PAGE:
Manuel Quiñones: Hey, everyone. We're back here talking about E&E News coverage of the midterm elections. And, today, we want to focus on one of the more important states this year, Florida. Tons of races with particular importance to energy, environment and climate politics. And here we have Mark Matthews, who just got back from the Sunshine State.
Mark K. Matthews: I did. A little bit of tan. [Laughter].
Manuel Quiñones: [Laughter]. Even when -- it was kind of cloudy down there, right?
Mark K. Matthews: It was not bad. I mean, I was in Miami so there was plenty of sun.
Manuel Quiñones: So, yeah, tell me a little bit about where you went, what you were looking for, and what you ended up finding.
Mark K. Matthews: Sure. So I went on a road trip swing that began in Sarasota, bounced over to Orlando, dropped down to the Fort Lauderdale area, and ended in Miami. So I put a lot of miles onto the rental car but that was fine. And the reason I started in Sarasota was because I was looking at Florida's 16th District race between incumbent Vern Buchanan and his challenger David Shapiro. And why I'm interested in that race is because that is an area where you have seen a lot of red tide. And red tide is this like toxic algae outbreak that has spread across particularly the Gulf Coast, although now it's popping up a little bit on the Atlantic side. And it has been going on for months. It has devastated like the industry down there. Tourism has dropped. At one point, I was in Sarasota, which is this sleepy well-off town on the Gulf Coast, and I was talking to some people there, and they said like the downtown was a ghost town when it was that bad because the smell was terrible. People didn't want to go to the beach. If you had asthma and you went there, you would have trouble breathing.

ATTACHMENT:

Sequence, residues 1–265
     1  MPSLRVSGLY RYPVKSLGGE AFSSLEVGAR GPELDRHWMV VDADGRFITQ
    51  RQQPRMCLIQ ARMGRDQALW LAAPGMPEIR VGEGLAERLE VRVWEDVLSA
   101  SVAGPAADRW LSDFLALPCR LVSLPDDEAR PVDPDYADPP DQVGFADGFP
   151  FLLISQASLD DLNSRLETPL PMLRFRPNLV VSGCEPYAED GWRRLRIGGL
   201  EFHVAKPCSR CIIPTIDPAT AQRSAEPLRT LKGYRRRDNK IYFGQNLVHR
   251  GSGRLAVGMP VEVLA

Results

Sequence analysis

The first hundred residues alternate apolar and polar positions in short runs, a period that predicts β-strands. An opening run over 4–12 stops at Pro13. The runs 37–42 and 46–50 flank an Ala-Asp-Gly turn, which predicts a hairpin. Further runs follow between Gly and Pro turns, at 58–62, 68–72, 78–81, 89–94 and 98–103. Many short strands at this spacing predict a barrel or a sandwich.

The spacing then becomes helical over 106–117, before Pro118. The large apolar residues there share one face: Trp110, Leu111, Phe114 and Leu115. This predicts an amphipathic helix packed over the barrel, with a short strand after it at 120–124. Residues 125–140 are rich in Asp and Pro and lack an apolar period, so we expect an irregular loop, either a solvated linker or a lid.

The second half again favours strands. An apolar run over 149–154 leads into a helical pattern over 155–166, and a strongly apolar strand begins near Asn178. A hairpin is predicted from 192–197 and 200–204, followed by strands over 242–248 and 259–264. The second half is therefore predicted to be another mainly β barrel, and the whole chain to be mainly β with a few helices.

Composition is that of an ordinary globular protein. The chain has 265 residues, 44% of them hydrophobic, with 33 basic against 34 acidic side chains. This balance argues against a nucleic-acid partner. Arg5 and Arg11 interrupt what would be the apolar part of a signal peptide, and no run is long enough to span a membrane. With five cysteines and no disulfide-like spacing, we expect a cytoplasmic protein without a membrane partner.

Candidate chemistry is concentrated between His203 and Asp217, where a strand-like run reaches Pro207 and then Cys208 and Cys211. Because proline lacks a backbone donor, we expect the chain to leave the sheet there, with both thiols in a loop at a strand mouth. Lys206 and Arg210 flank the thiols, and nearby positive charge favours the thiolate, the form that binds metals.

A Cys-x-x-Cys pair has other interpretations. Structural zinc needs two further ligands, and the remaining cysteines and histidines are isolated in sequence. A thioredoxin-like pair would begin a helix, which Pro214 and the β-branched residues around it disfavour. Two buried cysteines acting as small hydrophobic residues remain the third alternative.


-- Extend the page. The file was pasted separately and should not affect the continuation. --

Manuel Quiñones: Wow.
Mark K. Matthews: I mean, this is like what is Florida other than its beaches?
Manuel Quiñones: Right.
Mark K. Matthews: And for so much of the state, it had been knocked out. And you're seeing kind of red tide pop up in a bunch of different races across the state -- in the governor's race, in the Senate race, in the House races like Vern Buchanan. So that's where I wanted to drop in because it felt to me that Sarasota was one of the areas that had been most hard hit.
Manuel Quiñones: And how is it making a difference?
Mark K. Matthews: So David Shapiro is trying to make an issue of this. He took out an ad that was blaming Vern Buchanan for some of the problems, for not doing enough for environmental protection. Trying to tie him to Florida sugar industry, kind of known derisively in the state as Big Sugar for a lot of their work around like Okeechobee and everything on there.